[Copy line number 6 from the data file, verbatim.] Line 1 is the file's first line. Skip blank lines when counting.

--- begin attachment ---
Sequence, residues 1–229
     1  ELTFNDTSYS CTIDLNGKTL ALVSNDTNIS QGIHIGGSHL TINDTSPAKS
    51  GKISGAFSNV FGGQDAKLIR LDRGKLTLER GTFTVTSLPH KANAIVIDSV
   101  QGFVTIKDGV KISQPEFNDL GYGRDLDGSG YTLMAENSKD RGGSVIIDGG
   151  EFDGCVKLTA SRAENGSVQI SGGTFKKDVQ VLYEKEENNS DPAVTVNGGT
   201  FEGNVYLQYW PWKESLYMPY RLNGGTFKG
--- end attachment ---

   201  FEGNVYLQYW PWKESLYMPY RLNGGTFKG